For two seasons (17 and 18), Mitchell Moroz was part of a shutdown line, a designated checking line, and his offense sputtered. Eyewitnesses told us as much, but we were slow to believe. Finally, at 19, Moroz would get a chance to play on a skill line. Thoughts of a 30-goal power forward were impossible to resist. How’s that working so far?
PREVIOUSLY NUMBER ELEVEN ON THE LIST
- December 2004: L Tony Salmelainen (70)
- December 2005: D Bryan Young (17)
- December 2006: G Jeff Deslauriers (62)
- December 2007: D Theo Peckham (160)
- December 2008: D Taylor Chorney (61)
- December 2009: D Johan Motin (1)
- December 2010: G Devan Dubnyk (158)
- December 2011: D Colten Teubert (24)
- December 2012: C Anton Lander (68)
There are a couple of players of note here, Dubnyk who we’ve discussed in this series and Peckham who is struggling to get back but looked like he might be a player for awhile there. Lander could still end up being something, but there are no 500 game players here unless Dubnyk hangs around forever.
WHAT THEY SAID ON DRAFT DAY
- Redline Report: Big, edgy power forward plays an in-your-face style and looks to initiate hard contact all over the ice. A feared enforcer who picked up 20 fighting majors, yet skates and handles the puck well enough to take regular shifts. Coaches eventually rotated him into the top six to give scoring lines a boost – gives smaller, skilled linemates more room to work with his physicality. Has surprising offensive tools with a heavy snap shot. Puckhandling confidence is soaring and he’s willing to try things with the puck now he wouldn’t have dreamed of six months ago. Skating enables him to play in open ice and even has decent lateral agility. Spins off checks to find space and gets to open ice. Emerging force uses great size/strength to dominate below the circles and is impossible to move around crease. Development curve is heading straight up and has upside.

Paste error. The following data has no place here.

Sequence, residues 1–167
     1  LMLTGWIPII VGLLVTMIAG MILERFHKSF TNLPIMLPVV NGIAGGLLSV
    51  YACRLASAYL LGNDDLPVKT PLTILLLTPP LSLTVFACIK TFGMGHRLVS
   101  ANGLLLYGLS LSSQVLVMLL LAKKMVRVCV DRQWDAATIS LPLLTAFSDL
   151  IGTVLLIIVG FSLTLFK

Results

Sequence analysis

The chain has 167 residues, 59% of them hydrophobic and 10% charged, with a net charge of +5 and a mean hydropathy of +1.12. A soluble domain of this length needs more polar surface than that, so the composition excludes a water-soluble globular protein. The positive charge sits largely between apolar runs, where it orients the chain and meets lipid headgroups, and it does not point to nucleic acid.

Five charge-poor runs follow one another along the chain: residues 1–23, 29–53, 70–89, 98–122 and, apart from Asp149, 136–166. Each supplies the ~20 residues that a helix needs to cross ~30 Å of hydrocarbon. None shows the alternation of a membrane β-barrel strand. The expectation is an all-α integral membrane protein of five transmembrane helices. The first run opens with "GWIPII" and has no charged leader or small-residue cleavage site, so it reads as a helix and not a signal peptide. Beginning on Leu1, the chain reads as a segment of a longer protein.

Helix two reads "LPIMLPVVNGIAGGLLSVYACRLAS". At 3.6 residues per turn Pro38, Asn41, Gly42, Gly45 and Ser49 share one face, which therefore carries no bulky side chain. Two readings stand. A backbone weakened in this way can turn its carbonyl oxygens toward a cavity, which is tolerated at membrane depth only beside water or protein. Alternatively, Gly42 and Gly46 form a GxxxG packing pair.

POINTS BY DISCIPLINE, MITCHELL MOROZ
|MOROZ 2011-12 WHL||66, 11-8-19 .288||66, 5-1-6 .091||66, 0-0-0||66, 16-9-25 .379|
|MOROZ 2012-13 WHL||69, 10-17-27 .391||69, 3-4-7 .101||66, 0-0-0||69, 13-21-34 .493|
|MOROZ 2013-14 WHL||24, 14-7-21 .875||24, 2-1-3 .125||24, 0-0-0||24, 16-8-24 1.000|
In his first two seasons, Moroz played more of a shutdown role with Travis Ewanyk, it was a de facto checking line that did the dirty work and allowed the high end skill forwards to score against lesser competition. That sort of thing is unusual, and honestly it’s kind of difficult (without knowing time-on-ice and counting opponents) to know offensive ability with any degree of accuracy. The only thing we knew was this: the Oil Kings had better offensive options, and Moroz wasn’t scoring enough to cover the second round bet.
That’s why the 19-year old season is so interesting. Mitchel Moroz is running in place as a power play forward, and he doesn’t penalty kill, but at even strength he’s on pace for 42 goals. Incredible.
PREVIOUS TOP 20 RANKING
- Summer 2012: 17
- Winter 2012: 12
- Summer 2013: 14
- Winter 2013: 11
WHAT THEY’RE SAYING THIS SEASON
- Moroz: “We’ll see what happens. I wrote on my goal sheet at the start of the year that I wanted 30 plus, so we’ll see. I’m going to just keep shooting the puck, good things happen when you do that. I said 20 plus assists, just because I’m usually not the guy to pull up and make a play but he’s going to burry when I give him the puck, but the same with [Reid] Petryk and Sammy [Henrik Samuelsson] when I play with those guys. They’re all gifted offensively so the points will come. I know that it has been a point of mine not to be just focussed on that though, I’ve still got to play a rounded game because at the next level it’s going to be called from me to play a rounded game.”
- Ryan Batty, Copper and Blue: It’s great that Moroz is getting a chance to play with some very skilled players and that he is making the most of that chance but I very much doubt that he’s the one tilting the ice during his shifts. I’ve seen these three guys play a lot of hockey and Moroz is a couple giant steps behind Samuelsson and Lazar when it comes to playing the game. So no, I don’t think we’ve been completely wrong about Moroz all along. It’s a great start but until I see some more evidence I’m going to say it’s just a hot streak. Good for him though, if he keeps this up he’s going to guarantee himself a pro contract.
- Moroz has been named to the Subway Series roster.
The progress this season for Moroz is encouraging, and I think it reflects how well he can play with more skilled players. It’s unlikely he’ll be playing with top end players next season in the AHL, and a third or fourth line role similar to Travis Ewanyk’s experience next season seems likely. The Oilers must be pleased with his progress this season, and he’s very likely to secure a pro contract sometime in the next few months.
His NHLE for this season is 82, 16-9-25. That should be considered the extreme outer marker offensively. However, the absolutely noxious putdowns of Moroz in his draft season+ have been answered with a nice ‘f-you’ start from this player.
I for one am extremely pleased by this result.